Speeches that Made History: John F. Kennedy’s Inaugural Address
by Derrick G. Jeter
John Fitzgerald Kennedy, at the age of 43, was the youngest man ever elected to the presidency. The son of “blue blood” parents, Kennedy was born on May 29, 1917, in Brookline, Massachusetts. While a student at Harvard, his Father, Joseph P. Kennedy, was appointed Ambassador to the Court of St. James, in England. Spending time in England before World War II, JFK wrote his senior paper, later published into a best selling book, While England Slept.
Once the United States declared war on Japan, after the surprise attack on Pearl Harbor, JFK entered the navy. He served as a PT boat commander and became a national hero when his PT 109 was sliced in two by a Japanese destroyer. Evading capture on an island held by the Japanese, Kennedy and his men were finally rescued after a message, carved on a coconut and entrusted it to an island native, was delivered to American forces.
After the war, JFK returned to Boston and was elected to a congressional seat. In 1952, he challenged the powerful Senator Henry Cabot Lodge and won. While in the Senate, JFK underwent back surgery and almost died from postoperative complications. During his convalescence, Kennedy wrote the Pulitzer Prize winning biography collection, Profiles in Courage.
Finishing one term in the Senate, Kennedy decided to make a run for the White House in 1960, challenging Vice President Richard M. Nixon. A truly modern campaign, the Nixon/Kennedy contest was the first to use the new medium of television to carry live debates. In one of the closest elections in America history, the youthful and charismatic Kennedy won.
On January 20, 1961, the newly sworn in president stood on the east front of the United States Capitol in Washington, D.C., and delivered one of the nation’s most memorable inaugural addresses. Working with Theodore Sorensen, his longtime friend and collaborator, Kennedy set the tone of his Presidency. In the words of Sorensen: “John F. Kennedy wanted his first address as President of the United States to challenge his multiple audiences: to summon the American people to greatness, to remind free nations of their obligations, to offer the Soviet Union a choice between confrontation and cooperation, and to be his eloquent best.” JFK accomplished all four goals.
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We observe today not a victory of party but a celebration of freedom—symbolizing an end as well as a beginning—signifying renewal as well as change. For I have sworn before you and Almighty God the same solemn oath our forebears prescribed nearly a century and three-quarters ago.
The world is very different now. For man holds in his moral hands the power to abolish all forms of human poverty and all forms of human life. And yet the same revolutionary beliefs for which our forebears fought are still at issue around the globe—the belief that the rights of man come not from the generosity of the state but from the hand of God.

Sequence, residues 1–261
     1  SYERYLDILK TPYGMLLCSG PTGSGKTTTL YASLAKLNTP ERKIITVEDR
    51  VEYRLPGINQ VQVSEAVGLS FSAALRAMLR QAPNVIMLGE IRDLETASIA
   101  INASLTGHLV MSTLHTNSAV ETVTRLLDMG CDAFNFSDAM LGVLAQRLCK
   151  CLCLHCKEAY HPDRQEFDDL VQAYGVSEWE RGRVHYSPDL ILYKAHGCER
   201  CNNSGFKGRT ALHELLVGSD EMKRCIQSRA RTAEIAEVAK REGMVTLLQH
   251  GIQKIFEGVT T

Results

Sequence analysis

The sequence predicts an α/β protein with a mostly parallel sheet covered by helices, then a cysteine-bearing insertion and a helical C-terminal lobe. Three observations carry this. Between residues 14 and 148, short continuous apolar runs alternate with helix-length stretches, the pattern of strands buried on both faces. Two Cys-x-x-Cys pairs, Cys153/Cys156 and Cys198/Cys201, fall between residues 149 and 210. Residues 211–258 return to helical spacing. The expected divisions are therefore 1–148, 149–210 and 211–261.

We dare not forget today that we are the heirs of that first revolution. Let the word go forth from this time and place, to friend and foe alike, that the torch has been passed to a new generation of Americans—born in this country, tempered by war, disciplined by a hard and bitter peace, proud of our ancient heritage—and unwilling to witness or permit the slow undoing of those human rights to which this nation has always been committed, and to which we are committed today at home and around the world.
Let every nation know, whether it wishes us well or ill, that we shall pay any price, bear any burden, meet any hardship, support and friend, oppose any foe to assure the survival and the success of liberty.
This much we pledge—and more.
To those old allies whose cultural and spiritual origins we share, we pledge the loyalty of faithful friends. United, there is little we cannot do in a host of cooperative ventures. Divided, there is little we can do—fore we dare not meet a powerful challenge at odds and split asunder.
To those new states whom we welcome to the ranks of the free, we pledge our word that one from of colonial control shall not have passed away merely to be replaced by a far more iron tyranny. We shall not always expect to find them supporting our view. But we shall always hope to find them strongly supporting their own freedom—and to remember that, in the past, those who foolishly sought power by riding the back of the tiger ended up inside.
To those peoples in the huts and villages of half the globe struggling to break the bonds of mass misery, we pledge our best efforts to help them help themselves, for whatever period is required—not because the Communists may be doing it, not because we seek their votes, but because it is right. If a free society cannot help the many who are poor, it cannot save the few who are rich.